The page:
A simplified enrichment method for selective isolation of Actinomadura rugatobispora strains from soil is described. A. rugatobispora strains poorly produced spores on agar media when 5 to 20 colonies grew on a plate while characteristic spore formation was observed on humic acid-MOPS gellan gum medium. Spores of A. rugatobispora strains were tolerant to dry heating treatment at 120°C for 60 min. A. rugatobispora strains were resistant to 50 μg/ml trimethoprim and 10 μg/ml nalidixic acid, both of which inhibited the growth of nonfilamentous soil bacteria. In addition, these strains were more resistant to 100 μg/ml gentamicin and 20 μg/ml ampicillin than Streptomyces strains, which interfere with the growth of A. rugatobispora selectively. Owing these characteristics, we were successful to isolate 260 strains of this species from 148 out of 547 soil samples (27% of the samples tested). They were recovered from the soil samples with pH values ranging from 5.0 to 8.6, and 91% of the strains were isolated from neutral to slightly alkaline soil (pH 6.0 to 9.0). These results indicated that A. rugatobispora strains were distributed worldwide.
To develop new and improved compounds for future use against drug-resistant bacteria or for chemical modification, it is necessary to continue to screen for new metabolites and evaluate the potential of less known and new bacterial taxa. Selective isolation of rare actinomycetes is one of the major targets of industrial microbiologists in the search for novel compounds with therapeutic activity. Amycolata and Amycolatopsis have also been target for industrial microbiologists in this search. An improved technique, involving the microwave irradiation of soil samples followed by exposure to polyvalent Nocardia/Rhodococcus phages in order to selectively detect the members of the genera Amycolata and Amycolatopsis, has been developed. This improved technique reduced the numbers of colony forming units of unwanted bacteria on isolation plates and hence increased the chances of detecting novel Amycolata and Amycolatopsis species.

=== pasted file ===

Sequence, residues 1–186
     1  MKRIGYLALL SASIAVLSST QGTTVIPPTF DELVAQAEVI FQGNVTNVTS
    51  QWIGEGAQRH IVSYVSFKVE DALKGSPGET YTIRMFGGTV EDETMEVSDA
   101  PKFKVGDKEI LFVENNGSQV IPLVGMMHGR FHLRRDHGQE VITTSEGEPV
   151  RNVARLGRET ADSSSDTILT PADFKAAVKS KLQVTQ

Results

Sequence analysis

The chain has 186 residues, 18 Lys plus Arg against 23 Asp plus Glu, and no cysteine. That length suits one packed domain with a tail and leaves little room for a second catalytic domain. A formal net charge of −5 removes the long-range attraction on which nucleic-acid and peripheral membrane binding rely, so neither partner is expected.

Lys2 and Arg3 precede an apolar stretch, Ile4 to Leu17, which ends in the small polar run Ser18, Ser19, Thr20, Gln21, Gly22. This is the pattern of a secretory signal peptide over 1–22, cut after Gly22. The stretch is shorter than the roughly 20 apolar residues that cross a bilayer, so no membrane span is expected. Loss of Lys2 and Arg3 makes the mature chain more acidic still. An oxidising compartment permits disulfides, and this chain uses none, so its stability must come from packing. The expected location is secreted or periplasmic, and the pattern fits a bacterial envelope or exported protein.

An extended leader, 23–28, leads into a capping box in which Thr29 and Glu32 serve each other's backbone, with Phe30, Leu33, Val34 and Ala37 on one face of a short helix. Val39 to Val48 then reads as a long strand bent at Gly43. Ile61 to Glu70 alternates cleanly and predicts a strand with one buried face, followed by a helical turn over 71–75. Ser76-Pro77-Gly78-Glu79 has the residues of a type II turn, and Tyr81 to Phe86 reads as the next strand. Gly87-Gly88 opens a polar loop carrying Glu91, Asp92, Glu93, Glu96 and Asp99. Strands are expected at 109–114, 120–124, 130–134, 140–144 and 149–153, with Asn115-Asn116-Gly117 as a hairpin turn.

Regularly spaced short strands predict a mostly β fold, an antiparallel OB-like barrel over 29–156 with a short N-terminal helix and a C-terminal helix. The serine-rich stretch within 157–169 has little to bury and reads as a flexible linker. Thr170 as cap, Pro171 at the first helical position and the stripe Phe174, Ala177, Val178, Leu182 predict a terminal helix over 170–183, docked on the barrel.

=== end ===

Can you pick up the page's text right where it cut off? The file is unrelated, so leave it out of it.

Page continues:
DNA fragments recognized and bound by transcriptional factors, AdpA and ArpA, both of which are members in the A-factor regulatory cascade, were isolated. A library of fragmented chromosomal DNA from Streptomyces griseus was constructed either by HaeIII digestion or by sonication, followed by attachment of “catch” linkers at the ends. The library was incubated with a transcriptional activator, AdpA, to allow formation of protein-DNA complexes. The complexes were separated from free DNA by gel mobility shift and the DNA in the complexes was purified by extraction from gel pieces. The purified DNA was then amplified by PCR with the catch linker as primers. For enrichment of the DNA fragments actually bound by the transcriptional factor, the PCR product was subjected to the second and further cycles of the gel mobility shift-PCR procedure. The DNA fragments recovered after cycles of this procedure were cloned in an Escherichia coli plasmid for further characterization. The gel mobility shift-PCR procedure yielded 16 DNA sequences specifically bound by AdpA. This procedure was applied to the isolation of target sequences of another transcriptional factor, ArpA, and two DNA sequences were obtained.
Australia is one of the world’s most biodiverse continents. It has been geologically separated from other continents for over 20 million years, which has allowed a period of extensive evolutionary divergence. As a result, Australia has a very high rate of endemism in both its flora, fauna and associated microflora. Mapping Australian Actinomycete Diversity reveals that Australian substrates contain rare and novel actinomycetes, including novel streptomycetes. There is, therefore, an exiting opportunity within Australia to make contributions in the field of drug discovery, agriculture, food and in the other areas of biotechnology through the acquisition and screening of this microbiota.